The point is that, in putting, there are in effect three different targets. There’s the hole, sure. But there’s also the point at which you aim your putter and then the point where you actually expect your putt to go. Your aim point in short is higher than your actual target―where you really expect the putt to go―which in turn is above the hole. So very often when I’m telling a guy where to hit his putt he’ll ask if it’s a “cup outside” or something and I will explain that in fact he must aim at a point that might be several feet outside. Hence sometimes-comical, sometimes-rude conversations like the one I reproduced above.
It may have occurred to some of you that the idea of aiming at a metaphorical-Mars-in-order-to-hit-the-Moon may not be accidentally the work of someone from NASA. Nor that the idea may be applicable in other arenas in life. JFK’s call for a literal moonshot resulted in a lot of things that maybe wouldn’t have gotten done had we aimed just at them, and not all of them are new dry-freeze techniques or handheld calculators. Unfortunately the people who tend to adopt slogans like “Aim High” (a slogan of the Air Force) are exactly the sort of people who misunderstand why it makes sense to read putts that way―because they aren’t really paying attention to how putts work. Next time you are playing with someone, here’s an easy intelligence test: ask him about what he thinks about “goals.” (It’s super-easy to lead that conversation.) Next, just observe what happens on the green. When he misses on the low side―they all do―just ask if he was aiming high enough. Nine times out of ten, nobody makes the connection.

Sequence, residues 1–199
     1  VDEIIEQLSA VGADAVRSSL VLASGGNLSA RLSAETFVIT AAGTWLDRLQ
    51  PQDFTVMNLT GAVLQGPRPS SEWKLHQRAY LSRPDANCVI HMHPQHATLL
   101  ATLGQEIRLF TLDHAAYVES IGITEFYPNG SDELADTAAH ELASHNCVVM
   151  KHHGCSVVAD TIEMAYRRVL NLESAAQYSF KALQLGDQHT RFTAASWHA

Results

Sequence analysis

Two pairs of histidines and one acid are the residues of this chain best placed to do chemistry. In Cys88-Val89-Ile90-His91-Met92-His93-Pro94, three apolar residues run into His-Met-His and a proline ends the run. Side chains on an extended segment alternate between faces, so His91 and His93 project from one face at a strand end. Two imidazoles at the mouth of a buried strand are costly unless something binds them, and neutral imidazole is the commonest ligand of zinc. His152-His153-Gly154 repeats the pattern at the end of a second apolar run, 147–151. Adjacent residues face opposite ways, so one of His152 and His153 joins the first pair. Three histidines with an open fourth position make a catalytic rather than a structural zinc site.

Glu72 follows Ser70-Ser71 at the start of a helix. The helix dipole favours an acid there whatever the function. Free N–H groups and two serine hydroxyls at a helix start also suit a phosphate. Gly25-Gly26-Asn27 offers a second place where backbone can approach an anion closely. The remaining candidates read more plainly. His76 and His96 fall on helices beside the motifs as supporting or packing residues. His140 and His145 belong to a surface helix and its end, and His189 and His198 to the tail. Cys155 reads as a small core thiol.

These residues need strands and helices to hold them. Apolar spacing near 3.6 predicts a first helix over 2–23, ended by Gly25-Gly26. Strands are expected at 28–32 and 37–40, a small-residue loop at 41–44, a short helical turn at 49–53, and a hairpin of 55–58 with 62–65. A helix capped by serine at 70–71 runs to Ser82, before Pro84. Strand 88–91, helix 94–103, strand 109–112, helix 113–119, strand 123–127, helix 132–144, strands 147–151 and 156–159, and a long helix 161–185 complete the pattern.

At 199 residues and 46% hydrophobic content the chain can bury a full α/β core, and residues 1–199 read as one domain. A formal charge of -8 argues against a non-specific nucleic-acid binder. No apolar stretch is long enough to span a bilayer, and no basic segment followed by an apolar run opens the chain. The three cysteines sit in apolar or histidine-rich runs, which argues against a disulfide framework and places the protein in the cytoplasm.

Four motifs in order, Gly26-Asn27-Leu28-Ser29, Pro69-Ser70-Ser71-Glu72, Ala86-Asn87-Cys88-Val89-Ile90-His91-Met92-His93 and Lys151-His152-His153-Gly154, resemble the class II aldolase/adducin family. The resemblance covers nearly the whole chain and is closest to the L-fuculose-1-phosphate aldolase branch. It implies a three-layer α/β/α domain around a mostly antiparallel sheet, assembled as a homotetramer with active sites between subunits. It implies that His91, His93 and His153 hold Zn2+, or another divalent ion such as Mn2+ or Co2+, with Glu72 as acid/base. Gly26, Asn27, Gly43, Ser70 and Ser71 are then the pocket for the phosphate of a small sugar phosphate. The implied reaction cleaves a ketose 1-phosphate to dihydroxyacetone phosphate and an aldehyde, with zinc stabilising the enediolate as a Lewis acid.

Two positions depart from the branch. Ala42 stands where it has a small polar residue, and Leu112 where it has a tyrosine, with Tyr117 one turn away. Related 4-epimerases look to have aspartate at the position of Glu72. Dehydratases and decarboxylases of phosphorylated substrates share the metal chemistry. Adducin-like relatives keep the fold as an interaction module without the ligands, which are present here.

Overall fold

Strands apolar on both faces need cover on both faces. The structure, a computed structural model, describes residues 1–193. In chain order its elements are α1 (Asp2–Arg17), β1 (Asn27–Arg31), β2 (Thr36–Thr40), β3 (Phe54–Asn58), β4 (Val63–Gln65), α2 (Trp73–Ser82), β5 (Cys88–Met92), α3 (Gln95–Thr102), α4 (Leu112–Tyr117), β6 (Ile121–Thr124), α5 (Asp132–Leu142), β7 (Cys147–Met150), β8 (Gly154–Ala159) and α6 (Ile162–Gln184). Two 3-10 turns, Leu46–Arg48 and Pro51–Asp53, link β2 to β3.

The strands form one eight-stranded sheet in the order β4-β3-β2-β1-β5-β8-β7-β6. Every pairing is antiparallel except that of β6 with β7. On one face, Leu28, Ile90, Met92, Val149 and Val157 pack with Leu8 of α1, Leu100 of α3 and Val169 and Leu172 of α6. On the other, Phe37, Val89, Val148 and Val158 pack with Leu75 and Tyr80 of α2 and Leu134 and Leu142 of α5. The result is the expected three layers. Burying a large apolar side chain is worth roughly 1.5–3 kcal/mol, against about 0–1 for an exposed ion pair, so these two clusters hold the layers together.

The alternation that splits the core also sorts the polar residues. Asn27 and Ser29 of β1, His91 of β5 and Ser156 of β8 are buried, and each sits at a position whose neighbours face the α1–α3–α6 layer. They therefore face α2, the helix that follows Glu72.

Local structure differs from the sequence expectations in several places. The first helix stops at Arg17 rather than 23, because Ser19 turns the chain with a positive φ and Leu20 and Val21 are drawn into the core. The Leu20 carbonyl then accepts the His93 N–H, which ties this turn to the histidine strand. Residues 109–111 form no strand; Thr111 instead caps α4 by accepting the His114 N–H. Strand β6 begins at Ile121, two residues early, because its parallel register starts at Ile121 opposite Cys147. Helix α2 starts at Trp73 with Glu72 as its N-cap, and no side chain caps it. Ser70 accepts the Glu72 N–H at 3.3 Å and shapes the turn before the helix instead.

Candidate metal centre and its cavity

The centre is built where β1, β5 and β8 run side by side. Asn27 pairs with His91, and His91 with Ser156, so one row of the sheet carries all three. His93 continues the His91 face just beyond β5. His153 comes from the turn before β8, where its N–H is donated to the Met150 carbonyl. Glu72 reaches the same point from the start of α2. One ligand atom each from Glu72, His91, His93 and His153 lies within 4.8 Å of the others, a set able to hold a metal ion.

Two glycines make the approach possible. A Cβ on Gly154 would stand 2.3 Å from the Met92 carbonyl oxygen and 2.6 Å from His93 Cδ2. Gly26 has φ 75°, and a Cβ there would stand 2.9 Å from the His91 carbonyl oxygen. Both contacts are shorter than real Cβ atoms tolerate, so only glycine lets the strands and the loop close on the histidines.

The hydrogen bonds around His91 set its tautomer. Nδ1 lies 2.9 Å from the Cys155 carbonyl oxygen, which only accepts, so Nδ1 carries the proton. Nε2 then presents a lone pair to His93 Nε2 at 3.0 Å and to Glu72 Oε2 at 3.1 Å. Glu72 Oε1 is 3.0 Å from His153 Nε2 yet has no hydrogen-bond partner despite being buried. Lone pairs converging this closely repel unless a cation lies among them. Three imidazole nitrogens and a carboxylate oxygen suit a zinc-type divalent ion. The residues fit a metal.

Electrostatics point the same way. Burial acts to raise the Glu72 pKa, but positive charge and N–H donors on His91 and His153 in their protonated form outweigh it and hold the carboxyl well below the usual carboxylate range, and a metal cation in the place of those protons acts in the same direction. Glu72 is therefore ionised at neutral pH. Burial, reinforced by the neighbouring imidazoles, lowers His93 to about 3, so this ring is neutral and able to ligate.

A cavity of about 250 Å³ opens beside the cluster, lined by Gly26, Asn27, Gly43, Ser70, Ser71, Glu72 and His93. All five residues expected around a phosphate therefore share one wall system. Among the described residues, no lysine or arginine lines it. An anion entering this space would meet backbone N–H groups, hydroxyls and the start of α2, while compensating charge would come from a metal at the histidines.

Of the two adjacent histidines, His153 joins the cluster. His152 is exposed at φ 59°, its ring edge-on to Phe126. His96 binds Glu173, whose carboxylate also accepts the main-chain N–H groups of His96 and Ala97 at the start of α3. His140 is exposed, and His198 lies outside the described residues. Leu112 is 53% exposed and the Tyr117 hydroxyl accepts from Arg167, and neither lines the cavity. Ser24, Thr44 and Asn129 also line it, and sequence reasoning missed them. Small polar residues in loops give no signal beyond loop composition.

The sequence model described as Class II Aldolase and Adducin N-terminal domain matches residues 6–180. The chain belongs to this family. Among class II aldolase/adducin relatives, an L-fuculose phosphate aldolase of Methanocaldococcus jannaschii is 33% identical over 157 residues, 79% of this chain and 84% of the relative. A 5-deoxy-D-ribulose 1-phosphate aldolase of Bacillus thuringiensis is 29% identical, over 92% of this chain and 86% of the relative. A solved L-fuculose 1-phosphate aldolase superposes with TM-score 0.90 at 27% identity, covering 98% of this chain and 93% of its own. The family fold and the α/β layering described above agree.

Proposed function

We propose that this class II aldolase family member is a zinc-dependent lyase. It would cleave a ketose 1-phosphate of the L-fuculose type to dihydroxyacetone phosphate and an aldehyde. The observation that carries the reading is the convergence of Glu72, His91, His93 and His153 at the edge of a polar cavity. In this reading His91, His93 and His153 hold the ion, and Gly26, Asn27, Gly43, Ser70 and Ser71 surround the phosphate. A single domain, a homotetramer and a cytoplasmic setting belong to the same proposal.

Aiming high is valuable, sure, but it is not an end to itself. I was originally reminded of all of this putting business last week when seeing Irish singer Imelda May at Martyrs’, the Chicago venue that witnessed her first visit to the United States last September. Her audience has grown in the meantime―she performed the tribute to Les Paul at this year’s Grammy Awards by singing his best-known song (with Jeff Beck, btw) and she’s getting better known by the day it seems. Searching out the lyrics for the song to use for this week’s entry, I discovered that the song was originally written for the 1940 Broadway revue Two for the Show, which was set in London. As it happens, that has rather something to do with Dave Pelz’ original profession at NASA, an agency constructed from the remains of the Nazi V-2 program. The question at the heart of the song—“How High The Moon?”—is not really about setting high goals or the usual sort of Corporate America pablum. “How High The Moon?” was a serious moment in an otherwise-comic musical: at the end of the song, everyone looks up at the sky and cowers, terrified.
Because a clear night, during the Blitz, meant a “bombers’ moon”—a high road to Picccadilly for the Luftwaffe.